Bridget Bowman

New Democratic firm aims to fill HR gap for campaigns
Bright Compass will educate and train campaigns on policies to combat harassment and discrimination

A new Democratic firm is looking to assist political campaigns with human resources policies. (Bill Clark/CQ Roll Call file photo)

When Dallas Thompson signed on as Hillary Clinton’s director of operations in North Carolina in 2016, she quickly recognized that she had a lot to learn about human resources.

Thompson, who had previously worked as a fundraiser, discovered campaigns needed a more sustained human resources infrastructure, including training and services. 

Congressional women to take on female media members in annual softball game
Congressional women’s softball game has raised $1.3 million in its 11-year history

Members of Congress show off the American flags on their uniforms before the seventh annual Congressional women’s softball game near Capitol Hill in Washington D.C. (Al Drago/CQ Roll Call file photo)

Congressional women will try and reclaim softball supremacy after three-straight losses to female members of the press during the 11th-annual Congressional Women’s Softball Game. 

The event, set for June 19, features a clash between female members of the House and Senate against the women who cover them. All proceeds from the game will benefit the Young Survivor’s Coalition, an organization that raises money and provides resources for young adults affected by breast cancer.

NRCC targeting House Democrats on impeachment
Committee is launching new digital ads in all 55 of its target districts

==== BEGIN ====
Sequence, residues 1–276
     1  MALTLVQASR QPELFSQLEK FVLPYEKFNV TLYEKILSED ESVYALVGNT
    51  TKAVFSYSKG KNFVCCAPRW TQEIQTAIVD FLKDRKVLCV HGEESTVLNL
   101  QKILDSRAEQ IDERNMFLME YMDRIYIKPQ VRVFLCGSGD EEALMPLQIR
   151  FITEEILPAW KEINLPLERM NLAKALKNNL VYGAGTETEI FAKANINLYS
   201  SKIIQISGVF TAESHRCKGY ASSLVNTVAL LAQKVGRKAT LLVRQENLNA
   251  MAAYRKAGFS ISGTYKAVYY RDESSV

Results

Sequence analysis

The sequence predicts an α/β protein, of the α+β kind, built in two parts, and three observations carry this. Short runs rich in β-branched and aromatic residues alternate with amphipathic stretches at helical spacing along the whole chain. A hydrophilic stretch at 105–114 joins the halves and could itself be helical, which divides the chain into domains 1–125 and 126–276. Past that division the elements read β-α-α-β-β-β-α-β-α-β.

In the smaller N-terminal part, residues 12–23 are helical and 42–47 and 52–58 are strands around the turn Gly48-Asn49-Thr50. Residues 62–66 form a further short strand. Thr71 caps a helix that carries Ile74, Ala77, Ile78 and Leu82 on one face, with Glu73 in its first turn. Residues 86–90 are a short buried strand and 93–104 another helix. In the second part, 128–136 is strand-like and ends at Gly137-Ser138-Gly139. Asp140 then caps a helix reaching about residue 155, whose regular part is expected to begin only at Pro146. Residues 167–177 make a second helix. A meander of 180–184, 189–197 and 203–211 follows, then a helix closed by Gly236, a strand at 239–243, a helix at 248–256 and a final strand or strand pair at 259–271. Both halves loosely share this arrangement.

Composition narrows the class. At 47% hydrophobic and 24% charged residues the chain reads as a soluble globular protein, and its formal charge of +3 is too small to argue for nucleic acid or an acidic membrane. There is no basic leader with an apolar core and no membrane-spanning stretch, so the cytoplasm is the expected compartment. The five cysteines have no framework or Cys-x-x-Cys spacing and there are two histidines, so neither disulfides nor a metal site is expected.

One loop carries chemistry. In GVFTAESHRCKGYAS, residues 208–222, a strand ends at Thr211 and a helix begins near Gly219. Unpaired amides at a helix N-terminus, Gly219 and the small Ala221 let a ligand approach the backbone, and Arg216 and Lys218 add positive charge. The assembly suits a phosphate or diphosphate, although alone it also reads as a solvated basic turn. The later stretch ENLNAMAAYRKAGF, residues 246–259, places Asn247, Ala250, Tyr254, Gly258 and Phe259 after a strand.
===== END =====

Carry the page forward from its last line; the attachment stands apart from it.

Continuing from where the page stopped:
NRCC Chairman Tom Emmer says Democrats need to “definitively state” where they stand on impeachment. (Bill Clark/CQ Roll Call file photo)

The National Republican Congressional Committee aims to pin House Democrats on the issue of impeaching President Donald Trump through a series of digital ads launching Friday.

The ad campaign is the latest sign that Republicans will try to tie vulnerable Democrats to their more liberal colleagues to win back the House. 

Vacant office of North Carolina’s 9th District falls under Clerk’s control
District has been without representation after last fall’s result was thrown out

A sign outside the office of North Carolina’s 9th District on Thursday. (Katherine Tully-McManus/CQ Roll Call)

The House clerk is officially taking over the vacant office of North Carolina’s 9th District.

A “vacant office notice” from House Clerk Cheryl L. Johnson released Thursday says her office will provide constituent services and operate the congressional office until an upcoming special election decides a new member.

Meet the 12 GOP senators who voted to terminate Trump’s national emergency
Group includes conservatives worried about precedent and a moderate facing a tough re-election

Ohio Republican Sen. Rob Portman announced Thursday that he would support the effort to terminate President Donald Trump’s national emergency declaration. (Tom Williams/CQ Roll Call file photo)

Twelve Senate Republicans rebuked President Donald Trump on Thursday by voting to block his declaration of a national emergency at the southern border.

The group includes moderate senators — including one up for re-election in 2020 — and conservatives who balked at the president circumventing Congress. Trump declared a national emergency last month after lawmakers failed to appropriate his desired funds for a border wall. (Six of the 12 Republicans who joined every Democratic senator in supporting the resolution serve on the Appropriations Committee.)